Avjet Aspen Crash
The 2001 Avjet Aspen crash occurred on March 29, 2001 when a chartered Avjet Corporation Gulfstream III business jet, registration N303GA, crashed into terrain while on instrument approach to Aspen-Pitkin County Airport, Aspen, Colorado.
The three crew members and fifteen passengers on board all perished.
The subsequent National Transportation Safety Board (NTSB) report concluded that the accident was caused by the captain's premature descent below the minimum descent altitude without visual reference to the runway.
The accident's investigation also brought into focus several generic safety issues, such as pressure applied on charter pilots by customers; night flight into airports near mountainous terrain; and the ambiguity of some Federal Aviation Administration (FAA) rules.
On March 29, 2001 a series of operational and instrument approach procedural errors led to the crash of N303GA, a Gulfstream III, just 2,400 ft short of the approach end of Aspen-Pitkin County Airport (ASE)’s Runway 15 while attempting to complete the VOR/DME C circling approach. Eighteen people, including three crewmembers lost their lives in the accident. The NTSB report of the crash (see 'Pressure on pilots a key factor in Aspen GIII crash') was riddled with lessons about what pilots flying under instrument flight rules should not do, ranging from examples of poor crew coordination, to serious misunderstandings of basic instrument procedures, such as the fact that the GIII– certified as a Category D aircraft– was not even authorized to shoot the approach to Aspen under any conditions. Descending below the MDA without adequate reference to the airport environment was also noted.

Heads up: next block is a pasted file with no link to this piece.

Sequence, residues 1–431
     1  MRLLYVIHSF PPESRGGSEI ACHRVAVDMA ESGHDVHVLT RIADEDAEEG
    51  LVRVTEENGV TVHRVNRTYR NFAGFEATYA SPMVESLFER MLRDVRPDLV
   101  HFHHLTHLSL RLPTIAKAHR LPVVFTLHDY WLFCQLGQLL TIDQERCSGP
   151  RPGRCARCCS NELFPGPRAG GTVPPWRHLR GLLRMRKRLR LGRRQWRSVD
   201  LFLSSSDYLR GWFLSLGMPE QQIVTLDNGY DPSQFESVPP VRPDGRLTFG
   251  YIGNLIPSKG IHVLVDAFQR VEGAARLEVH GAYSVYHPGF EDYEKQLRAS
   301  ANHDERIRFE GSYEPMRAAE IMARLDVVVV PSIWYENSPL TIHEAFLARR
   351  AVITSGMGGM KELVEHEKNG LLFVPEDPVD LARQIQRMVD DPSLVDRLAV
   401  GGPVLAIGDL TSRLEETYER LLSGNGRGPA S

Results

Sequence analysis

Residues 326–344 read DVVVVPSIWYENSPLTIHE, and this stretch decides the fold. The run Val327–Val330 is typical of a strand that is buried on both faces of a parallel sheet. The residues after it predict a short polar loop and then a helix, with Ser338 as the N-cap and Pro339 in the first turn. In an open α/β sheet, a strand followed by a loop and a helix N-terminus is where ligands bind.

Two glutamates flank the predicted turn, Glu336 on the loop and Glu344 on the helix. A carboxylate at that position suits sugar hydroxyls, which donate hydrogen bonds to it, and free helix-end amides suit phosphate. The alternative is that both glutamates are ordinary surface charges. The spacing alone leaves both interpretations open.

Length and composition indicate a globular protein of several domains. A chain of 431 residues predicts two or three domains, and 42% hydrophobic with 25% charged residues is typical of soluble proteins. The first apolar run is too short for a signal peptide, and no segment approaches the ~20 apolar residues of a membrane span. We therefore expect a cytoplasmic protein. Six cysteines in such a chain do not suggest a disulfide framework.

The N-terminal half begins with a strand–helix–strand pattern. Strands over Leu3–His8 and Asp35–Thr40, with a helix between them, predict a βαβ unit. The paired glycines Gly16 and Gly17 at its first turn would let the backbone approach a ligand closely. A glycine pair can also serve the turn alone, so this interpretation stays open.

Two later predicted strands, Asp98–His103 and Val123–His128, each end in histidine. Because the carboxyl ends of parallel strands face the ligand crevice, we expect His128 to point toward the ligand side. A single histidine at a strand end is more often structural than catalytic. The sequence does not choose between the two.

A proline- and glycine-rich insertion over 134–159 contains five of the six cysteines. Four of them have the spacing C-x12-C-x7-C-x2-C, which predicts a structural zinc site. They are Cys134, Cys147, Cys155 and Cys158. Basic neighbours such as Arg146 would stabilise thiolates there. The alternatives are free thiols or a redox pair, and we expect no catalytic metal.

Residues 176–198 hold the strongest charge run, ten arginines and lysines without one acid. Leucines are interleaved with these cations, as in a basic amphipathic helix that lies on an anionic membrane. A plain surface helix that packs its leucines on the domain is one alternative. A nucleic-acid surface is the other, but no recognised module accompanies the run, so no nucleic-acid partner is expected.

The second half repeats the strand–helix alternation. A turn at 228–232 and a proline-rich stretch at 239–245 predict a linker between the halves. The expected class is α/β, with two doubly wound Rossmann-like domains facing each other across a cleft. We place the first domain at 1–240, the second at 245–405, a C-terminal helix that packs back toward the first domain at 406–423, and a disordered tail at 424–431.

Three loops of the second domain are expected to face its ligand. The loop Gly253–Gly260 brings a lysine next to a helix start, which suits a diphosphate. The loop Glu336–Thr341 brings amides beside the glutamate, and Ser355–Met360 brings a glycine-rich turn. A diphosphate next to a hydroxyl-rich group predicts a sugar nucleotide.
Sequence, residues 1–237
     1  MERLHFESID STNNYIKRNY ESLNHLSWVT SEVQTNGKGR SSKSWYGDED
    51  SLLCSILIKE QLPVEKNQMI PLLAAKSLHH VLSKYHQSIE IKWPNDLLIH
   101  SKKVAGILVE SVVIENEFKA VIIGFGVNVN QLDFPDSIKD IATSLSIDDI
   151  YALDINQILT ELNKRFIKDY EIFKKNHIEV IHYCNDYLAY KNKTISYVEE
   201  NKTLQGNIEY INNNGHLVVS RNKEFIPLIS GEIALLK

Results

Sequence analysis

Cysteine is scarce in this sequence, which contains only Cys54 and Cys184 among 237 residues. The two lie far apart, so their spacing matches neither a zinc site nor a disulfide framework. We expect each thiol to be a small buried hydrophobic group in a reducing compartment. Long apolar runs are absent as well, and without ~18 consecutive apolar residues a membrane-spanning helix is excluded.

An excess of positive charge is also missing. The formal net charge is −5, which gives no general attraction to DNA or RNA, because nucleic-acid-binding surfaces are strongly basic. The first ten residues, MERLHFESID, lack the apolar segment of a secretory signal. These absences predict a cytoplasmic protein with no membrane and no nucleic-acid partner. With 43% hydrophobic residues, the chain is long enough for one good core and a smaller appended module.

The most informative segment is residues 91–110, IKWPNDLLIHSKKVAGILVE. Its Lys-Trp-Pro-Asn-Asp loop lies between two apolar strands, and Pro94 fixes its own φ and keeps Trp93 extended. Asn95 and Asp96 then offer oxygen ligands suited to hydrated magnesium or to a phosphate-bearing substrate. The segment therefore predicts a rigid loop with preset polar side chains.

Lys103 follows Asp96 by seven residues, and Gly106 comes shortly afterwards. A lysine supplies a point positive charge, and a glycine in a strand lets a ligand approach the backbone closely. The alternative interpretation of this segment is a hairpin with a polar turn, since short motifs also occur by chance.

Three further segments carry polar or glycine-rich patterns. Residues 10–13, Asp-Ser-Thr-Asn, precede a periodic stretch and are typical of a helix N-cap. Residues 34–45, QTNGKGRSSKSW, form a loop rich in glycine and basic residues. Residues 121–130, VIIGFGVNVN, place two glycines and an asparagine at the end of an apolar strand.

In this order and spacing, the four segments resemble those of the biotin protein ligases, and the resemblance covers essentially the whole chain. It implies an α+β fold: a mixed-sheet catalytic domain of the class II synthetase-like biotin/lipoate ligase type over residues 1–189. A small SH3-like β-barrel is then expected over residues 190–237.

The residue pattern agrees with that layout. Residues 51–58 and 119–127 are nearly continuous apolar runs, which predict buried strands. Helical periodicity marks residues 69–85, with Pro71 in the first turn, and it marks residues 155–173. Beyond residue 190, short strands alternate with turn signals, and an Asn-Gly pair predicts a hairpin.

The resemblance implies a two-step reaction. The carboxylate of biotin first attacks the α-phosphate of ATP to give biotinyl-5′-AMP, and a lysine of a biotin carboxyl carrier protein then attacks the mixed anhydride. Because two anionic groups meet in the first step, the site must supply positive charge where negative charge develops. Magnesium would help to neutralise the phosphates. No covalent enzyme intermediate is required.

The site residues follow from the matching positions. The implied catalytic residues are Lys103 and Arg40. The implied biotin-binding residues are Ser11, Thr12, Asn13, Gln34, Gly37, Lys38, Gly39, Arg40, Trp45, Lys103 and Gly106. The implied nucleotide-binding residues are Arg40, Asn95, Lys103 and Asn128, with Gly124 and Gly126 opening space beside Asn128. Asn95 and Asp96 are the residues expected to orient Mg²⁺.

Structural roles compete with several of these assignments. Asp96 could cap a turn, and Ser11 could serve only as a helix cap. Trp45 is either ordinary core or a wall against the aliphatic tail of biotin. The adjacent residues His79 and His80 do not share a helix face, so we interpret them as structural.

Crashed on finals to runway 15 when it hit a hill and then plunged across a 200 foot culvert between the hill and the airport before slamming into Shale Bluff, broke up and caught fire.
PROBABLE CAUSE: "The flight crew's operation of the airplane below the minimum descent altitude without an appropriate visual reference for the runway.
Contributing to the cause of the accident were the Federal Aviation Administration's (FAA) unclear wording of the March 27, 2001, Notice to Airmen regarding the nighttime restriction for the VOR/DME-C approach to the airport and the FAA's failure to communicate this restriction to the Aspen tower; the inability of the flight crew to adequately see the mountainous terrain because of the darkness and the weather conditions; and the pressure on the captain to land from the charter customer and because of the airplane's delayed departure and the airport's nighttime landing restriction. "